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Art Behind the Scenes Education

Teens Discuss Postcards from America

Donovan Wylie (British, b. Northern Ireland, 1971). The Preparatory City. Marquette Interchange, Milwaukee, Wisconsin, 2014. Inkjet print, 60 × 80 in. (152.4 × 203.2 cm). Milwaukee Art Museum, purchase, Herzfeld Foundation Acquisition Fund, M2014.36.
Donovan Wylie (British, b. Northern Ireland, 1971). The Preparatory City. Marquette Interchange, Milwaukee, Wisconsin, 2014. Inkjet print, 60 × 80 in. (152.4 × 203.2 cm). Milwaukee Art Museum, purchase, Herzfeld Foundation Acquisition Fund, M2014.36.
On one of the last warm days in October, I led sixteen teens into the Milwaukee Art Museum’s Postcards from America: Milwaukee exhibition. This blog post is a description of our experience spending one hour together looking at a single photographer’s work in the exhibition.

Postcards from America: Milwaukee shows the recent work of eleven Magnum Photographers, invited to photograph Milwaukee during the prior year as part of the Postcards for America project. None of these photographers were local, so their photographs—ranging from portraits at the Wisconsin State Fair to polaroids to an installation memorial for a deceased musician—were provocative for a group of high schoolers who have spent their whole lives here.

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Behind the Scenes Education

Reflective Evaluation: How Can Museums Change Teens–and Vice Versa? Part 3

The Satellite High School Program Teens, 2013-14. Photo by Front Room Photography
The Satellite High School Program Teens, 2013-14. Photo by Front Room Photography
In my previous two posts in this Reflective Evaluation series, I detailed all the ways we found and evaluated data to show teen participants in the Satellite program became more reflective. So: did the interviews, exit slips, readability tests, and final projects all add up to a full image of the impact that a year’s worth of reflective practice can have on students?

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Behind the Scenes Education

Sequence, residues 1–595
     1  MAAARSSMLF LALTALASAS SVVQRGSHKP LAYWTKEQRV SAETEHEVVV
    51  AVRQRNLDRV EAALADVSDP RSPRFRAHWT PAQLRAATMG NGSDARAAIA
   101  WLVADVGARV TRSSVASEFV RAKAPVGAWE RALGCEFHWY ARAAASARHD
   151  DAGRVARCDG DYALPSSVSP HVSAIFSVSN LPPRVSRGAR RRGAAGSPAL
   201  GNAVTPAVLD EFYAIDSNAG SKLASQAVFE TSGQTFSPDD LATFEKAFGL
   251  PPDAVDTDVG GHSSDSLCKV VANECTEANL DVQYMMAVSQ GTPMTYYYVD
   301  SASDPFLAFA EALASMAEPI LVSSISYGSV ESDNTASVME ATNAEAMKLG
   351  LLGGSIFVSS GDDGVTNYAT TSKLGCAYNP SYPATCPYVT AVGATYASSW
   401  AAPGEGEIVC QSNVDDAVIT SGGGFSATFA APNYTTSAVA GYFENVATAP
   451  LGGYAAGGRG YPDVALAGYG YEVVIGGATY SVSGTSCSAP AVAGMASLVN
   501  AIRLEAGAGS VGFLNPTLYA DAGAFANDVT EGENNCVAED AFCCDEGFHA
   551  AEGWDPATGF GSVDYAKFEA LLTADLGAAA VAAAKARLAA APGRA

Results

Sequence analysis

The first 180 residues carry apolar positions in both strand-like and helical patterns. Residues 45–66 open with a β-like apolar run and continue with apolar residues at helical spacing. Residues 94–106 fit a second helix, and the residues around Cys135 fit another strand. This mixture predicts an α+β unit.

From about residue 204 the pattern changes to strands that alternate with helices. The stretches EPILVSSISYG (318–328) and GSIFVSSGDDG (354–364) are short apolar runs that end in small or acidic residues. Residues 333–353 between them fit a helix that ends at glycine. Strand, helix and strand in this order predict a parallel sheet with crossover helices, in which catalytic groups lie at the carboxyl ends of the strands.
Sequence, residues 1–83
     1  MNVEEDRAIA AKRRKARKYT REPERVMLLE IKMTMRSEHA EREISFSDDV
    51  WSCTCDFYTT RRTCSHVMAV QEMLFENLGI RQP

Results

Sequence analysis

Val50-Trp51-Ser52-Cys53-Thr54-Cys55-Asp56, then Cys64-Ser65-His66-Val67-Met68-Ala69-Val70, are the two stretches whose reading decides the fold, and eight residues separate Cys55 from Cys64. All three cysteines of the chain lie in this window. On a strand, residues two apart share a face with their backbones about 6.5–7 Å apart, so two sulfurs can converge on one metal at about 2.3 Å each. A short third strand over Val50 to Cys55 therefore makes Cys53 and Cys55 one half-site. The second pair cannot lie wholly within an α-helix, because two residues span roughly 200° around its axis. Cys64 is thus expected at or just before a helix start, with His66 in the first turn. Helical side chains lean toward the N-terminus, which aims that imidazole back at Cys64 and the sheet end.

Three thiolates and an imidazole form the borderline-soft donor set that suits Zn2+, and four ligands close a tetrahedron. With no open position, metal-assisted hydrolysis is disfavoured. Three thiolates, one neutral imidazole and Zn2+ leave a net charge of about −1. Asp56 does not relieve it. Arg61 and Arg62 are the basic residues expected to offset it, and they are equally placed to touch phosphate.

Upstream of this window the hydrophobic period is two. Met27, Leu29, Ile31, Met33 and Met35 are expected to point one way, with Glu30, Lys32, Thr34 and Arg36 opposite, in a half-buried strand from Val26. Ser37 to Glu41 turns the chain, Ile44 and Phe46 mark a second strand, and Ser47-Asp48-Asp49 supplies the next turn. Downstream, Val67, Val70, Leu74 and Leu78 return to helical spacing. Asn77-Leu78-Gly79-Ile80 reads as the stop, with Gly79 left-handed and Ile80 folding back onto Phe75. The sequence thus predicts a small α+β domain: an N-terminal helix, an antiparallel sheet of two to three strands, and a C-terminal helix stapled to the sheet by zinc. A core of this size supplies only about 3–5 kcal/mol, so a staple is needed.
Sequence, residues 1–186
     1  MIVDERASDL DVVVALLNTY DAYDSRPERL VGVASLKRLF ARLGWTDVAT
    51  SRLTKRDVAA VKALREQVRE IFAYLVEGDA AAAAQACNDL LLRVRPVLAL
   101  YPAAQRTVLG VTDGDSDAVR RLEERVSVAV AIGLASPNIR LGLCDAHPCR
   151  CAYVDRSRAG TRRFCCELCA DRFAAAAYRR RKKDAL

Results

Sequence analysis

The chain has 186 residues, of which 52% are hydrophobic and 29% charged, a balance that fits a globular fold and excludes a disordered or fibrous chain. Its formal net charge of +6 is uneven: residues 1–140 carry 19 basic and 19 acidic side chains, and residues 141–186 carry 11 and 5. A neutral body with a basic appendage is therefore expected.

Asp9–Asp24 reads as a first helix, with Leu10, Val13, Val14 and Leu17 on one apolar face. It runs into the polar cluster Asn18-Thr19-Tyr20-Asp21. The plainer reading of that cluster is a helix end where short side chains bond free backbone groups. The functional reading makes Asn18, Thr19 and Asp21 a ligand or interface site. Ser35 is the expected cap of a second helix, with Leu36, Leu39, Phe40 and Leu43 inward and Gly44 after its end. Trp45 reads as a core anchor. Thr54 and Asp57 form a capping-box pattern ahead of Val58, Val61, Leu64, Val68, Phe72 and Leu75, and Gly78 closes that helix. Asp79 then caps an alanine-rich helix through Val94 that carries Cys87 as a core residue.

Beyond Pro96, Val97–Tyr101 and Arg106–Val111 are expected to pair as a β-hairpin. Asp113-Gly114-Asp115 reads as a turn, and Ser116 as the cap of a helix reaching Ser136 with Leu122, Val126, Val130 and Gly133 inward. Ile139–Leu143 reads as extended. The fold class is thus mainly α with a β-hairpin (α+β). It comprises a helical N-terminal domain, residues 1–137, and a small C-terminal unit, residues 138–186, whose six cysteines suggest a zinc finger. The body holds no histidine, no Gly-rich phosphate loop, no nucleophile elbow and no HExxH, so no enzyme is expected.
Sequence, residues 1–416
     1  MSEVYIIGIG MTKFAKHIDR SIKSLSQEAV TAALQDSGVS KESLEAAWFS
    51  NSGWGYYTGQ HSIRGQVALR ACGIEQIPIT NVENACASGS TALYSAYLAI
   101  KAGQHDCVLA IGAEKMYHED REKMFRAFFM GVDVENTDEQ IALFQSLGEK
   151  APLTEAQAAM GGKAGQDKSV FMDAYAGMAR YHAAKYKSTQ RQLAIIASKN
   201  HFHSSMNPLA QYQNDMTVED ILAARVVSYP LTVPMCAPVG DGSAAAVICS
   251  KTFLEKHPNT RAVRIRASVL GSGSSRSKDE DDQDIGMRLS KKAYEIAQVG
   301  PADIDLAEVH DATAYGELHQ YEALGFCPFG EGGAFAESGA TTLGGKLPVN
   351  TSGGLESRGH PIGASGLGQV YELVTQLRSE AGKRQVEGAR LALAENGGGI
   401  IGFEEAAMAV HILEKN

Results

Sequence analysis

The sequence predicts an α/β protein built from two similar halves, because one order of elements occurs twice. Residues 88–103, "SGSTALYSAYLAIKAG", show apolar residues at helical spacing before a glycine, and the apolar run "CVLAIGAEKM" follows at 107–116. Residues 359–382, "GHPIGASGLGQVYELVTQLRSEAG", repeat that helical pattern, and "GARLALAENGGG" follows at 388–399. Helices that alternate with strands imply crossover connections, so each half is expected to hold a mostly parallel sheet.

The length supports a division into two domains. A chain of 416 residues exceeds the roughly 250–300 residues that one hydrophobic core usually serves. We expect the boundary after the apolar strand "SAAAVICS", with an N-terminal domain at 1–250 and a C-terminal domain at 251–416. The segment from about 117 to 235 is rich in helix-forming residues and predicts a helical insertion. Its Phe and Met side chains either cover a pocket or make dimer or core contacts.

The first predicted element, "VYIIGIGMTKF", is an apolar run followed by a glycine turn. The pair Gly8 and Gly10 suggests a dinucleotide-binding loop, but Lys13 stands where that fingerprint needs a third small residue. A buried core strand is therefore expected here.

Reflective Evaluation: How Can Museums Change Teens–and Vice Versa? Part 2

Liz and Justine watch the final project videos. Photo by Front Room Photography
Liz and Justine watch the final project videos. Photo by Front Room Photography
In part two of my three posts on this year’s Satellite teen program, I’m sharing the unexpected data that helped me see the bigger picture about my students’ ability to reflect thanks to being in the program.

Categories
Art Behind the Scenes Education

Reflective Evaluation: How Can Museums Change Teens–and Vice Versa? Part 1

Luis and Rosaly show their families the Museum. Photo by Front Room Photography
Luis and Rosaly show their families the Museum. Photo by Front Room Photography
Over the past four years, I have worked with hundreds of Milwaukee-area teens who love art, and who, over their time in teen programs at the Milwaukee Art Museum, grow to love museums as well.

I have always had a sense that my students grow over their time at the Museum. This year, though, to really study that growth, we designed our longstanding Satellite High School Program as a year-long experience to explore exactly how weekly sessions at an art museum might change the thinking of our teen participants. To that end, our program outcome for students was that they would show an increased ability to reflect upon their own experiences and performance.